Format time to ISO 8601 time with fractional seconds in PHP

I've tried using the date('c', $theTime) and it returns an ISO 8601 formatted time, but removes the fractional seconds from the time.

Here's what I'm using:
<?php
    $theTime = '2008-08-18 17:59:15.27172';
    $date = date('c', strtotime($theTime));
   
    echo ($date);
 ?>

It simply prints:
2008-08-18T17:59:15-06:00

The time format is correct, accept I want to keep in the fractional seconds.  It does not seem to be the call to date() that does it, it's the strtotime call that removes the fractional seconds from what I can tell.  Is there an alternative to this?

"It can't be done" is an acceptable aswer if you can show me some documentation somewhere where it states/implies that.
AngryLoopAsked:
Who is Participating?
I wear a lot of hats...

"The solutions and answers provided on Experts Exchange have been extremely helpful to me over the last few years. I wear a lot of hats - Developer, Database Administrator, Help Desk, etc., so I know a lot of things but not a lot about one thing. Experts Exchange gives me answers from people who do know a lot about one thing, in a easy to use platform." -Todd S.

DarkFishCommented:
Off the top of my head I can't say why that wouldn't work, as I don't think it's the strtotime() call that is the issue. As you can, the date() format by default (using the "c" param) does not actually have a micro time before the -06:00 bit.

Instead, you would need to construct your own date / time and use the "u" param in addition to the other params to give yourself your desired time format.

For example, this should work (it will take the current timestamp as I have not given it a second param):

echo date("o\-m\-d\TH\:i\:s\.uP");

However, it gives the following output:

2008-10-27T15:04:30.000000-04:00

As you can see it's not actually giving you the micro seconds for some reason, which I am not entirely sure about. The PHP documentation on date() does say that the "u" param should work if you're PHP version is 5.2.2 or later, which mine is.

So the simple answer to your question is, it should work, but unfortunately somewhere in the date() function or (possibly, though unlikely) in the strtotime() function that microsecond value is getting lost.

Sorry that I couldn't be of more help :(
echo date("o\-m\-d\TH\:i\:s\.uP");

Open in new window

0
Ray PaseurCommented:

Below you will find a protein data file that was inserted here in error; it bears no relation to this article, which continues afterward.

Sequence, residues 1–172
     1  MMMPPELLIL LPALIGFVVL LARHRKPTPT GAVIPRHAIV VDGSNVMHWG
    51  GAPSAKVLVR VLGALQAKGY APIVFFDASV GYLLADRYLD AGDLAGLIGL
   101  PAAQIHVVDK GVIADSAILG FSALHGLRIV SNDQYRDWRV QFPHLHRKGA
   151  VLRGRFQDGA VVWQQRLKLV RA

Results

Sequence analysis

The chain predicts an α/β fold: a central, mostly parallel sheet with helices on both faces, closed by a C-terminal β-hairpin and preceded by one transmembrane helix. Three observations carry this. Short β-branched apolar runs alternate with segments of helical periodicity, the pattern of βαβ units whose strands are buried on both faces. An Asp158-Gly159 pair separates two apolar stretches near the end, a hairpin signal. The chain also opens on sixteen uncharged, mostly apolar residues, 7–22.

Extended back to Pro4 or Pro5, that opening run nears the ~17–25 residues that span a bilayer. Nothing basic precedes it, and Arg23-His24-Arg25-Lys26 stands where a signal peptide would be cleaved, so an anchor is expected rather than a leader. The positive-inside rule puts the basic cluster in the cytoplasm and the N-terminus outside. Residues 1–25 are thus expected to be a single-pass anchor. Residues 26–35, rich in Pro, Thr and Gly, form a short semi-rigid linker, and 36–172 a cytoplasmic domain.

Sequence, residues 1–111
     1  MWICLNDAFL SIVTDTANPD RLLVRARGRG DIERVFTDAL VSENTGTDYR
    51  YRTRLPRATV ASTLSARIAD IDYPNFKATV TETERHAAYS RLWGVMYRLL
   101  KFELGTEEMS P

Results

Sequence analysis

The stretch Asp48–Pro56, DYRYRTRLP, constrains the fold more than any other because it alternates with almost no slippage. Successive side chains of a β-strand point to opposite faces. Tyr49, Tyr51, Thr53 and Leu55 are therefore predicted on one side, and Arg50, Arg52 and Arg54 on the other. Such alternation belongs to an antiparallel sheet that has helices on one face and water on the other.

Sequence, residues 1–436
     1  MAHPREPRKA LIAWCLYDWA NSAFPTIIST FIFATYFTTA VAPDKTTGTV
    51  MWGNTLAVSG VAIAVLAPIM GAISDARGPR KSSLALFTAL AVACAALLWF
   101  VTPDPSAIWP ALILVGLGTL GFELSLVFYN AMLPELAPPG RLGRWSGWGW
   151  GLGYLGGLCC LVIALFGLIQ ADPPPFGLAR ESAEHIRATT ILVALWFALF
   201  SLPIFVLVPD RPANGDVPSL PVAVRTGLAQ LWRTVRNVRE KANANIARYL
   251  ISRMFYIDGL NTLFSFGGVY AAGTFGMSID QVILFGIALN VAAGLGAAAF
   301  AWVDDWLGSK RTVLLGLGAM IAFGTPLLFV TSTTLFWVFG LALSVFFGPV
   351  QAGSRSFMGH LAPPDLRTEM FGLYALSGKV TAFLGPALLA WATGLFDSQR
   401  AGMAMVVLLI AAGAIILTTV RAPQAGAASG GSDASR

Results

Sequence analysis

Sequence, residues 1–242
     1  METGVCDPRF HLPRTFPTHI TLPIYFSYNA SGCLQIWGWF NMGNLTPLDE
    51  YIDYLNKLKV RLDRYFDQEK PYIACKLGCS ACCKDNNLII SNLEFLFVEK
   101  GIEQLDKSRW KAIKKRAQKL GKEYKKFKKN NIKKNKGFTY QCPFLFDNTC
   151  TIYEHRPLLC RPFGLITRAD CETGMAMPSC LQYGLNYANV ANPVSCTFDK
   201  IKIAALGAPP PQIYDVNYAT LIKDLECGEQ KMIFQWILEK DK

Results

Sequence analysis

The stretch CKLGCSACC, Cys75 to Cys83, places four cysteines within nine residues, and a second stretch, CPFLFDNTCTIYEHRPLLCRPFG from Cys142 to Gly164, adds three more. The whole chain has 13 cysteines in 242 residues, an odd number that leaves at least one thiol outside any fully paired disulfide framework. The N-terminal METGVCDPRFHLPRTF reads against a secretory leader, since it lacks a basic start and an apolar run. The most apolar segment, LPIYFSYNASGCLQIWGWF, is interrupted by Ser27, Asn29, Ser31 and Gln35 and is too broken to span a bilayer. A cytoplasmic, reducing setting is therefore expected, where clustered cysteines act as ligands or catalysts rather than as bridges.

ISO8601 time does not have microseconds, but this code snippet might be useful.  Note that time() does not return fractional seconds.

Man Pages here:
http://us2.php.net/manual/en/function.date.php
http://us2.php.net/manual/en/function.microtime.php

HTH, ~Ray
<?php 
$now = microtime();
$date = date("Y-m-d\tH:i:s\.u", $now);
echo $date;

Open in new window

0
AngryLoopAuthor Commented:
Ray_Paseur:
ISO8601 does have microseconds..  It has several different formats, but one of them includes "fractional" seconds.  See http://www.w3.org/TR/NOTE-datetime

That aside, microtime() doesn't help me in this instance, because I'm getting a time from a database so I can't use the current time.  The date/time is formatted like: 2008-08-19 08:52:03.12371

DarkFish:
The reason I said strtotime() is that if you call just that (meaning not the date function) and echo it, it removes the fractional seconds.

Your solution works by adding in ".000000" after the seconds.  It removes any fractional seconds.  Is there a conversion method which does NOT remove fractional seconds?
0
Cloud Class® Course: CompTIA Healthcare IT Tech

This course will help prep you to earn the CompTIA Healthcare IT Technician certification showing that you have the knowledge and skills needed to succeed in installing, managing, and troubleshooting IT systems in medical and clinical settings.

DarkFishCommented:
The point I was making was that even if you could get strtotime() to return a timestamp with fractional microseconds included, the date() function doesn't want to work with it anyway.

I don't know of any native PHP function that can handle microseconds correctly and convert it to a valid timestamp and then format that into a date. Neither do I know of an external PHP library that can handle date and time formatting with microseconds included, though I'm sure there is one somewhere.

However, that said you can write your own code to format your date using RegEx; for instance, over at the PHP documentation page for date() ( http://uk2.php.net/manual/en/function.date.php ) one member has given this some thought (please see code snippet.)

The original can be found at in the comments section by "Cortexd" on "27-Aug-2008 06:47".

Hope that helps,
Cortexd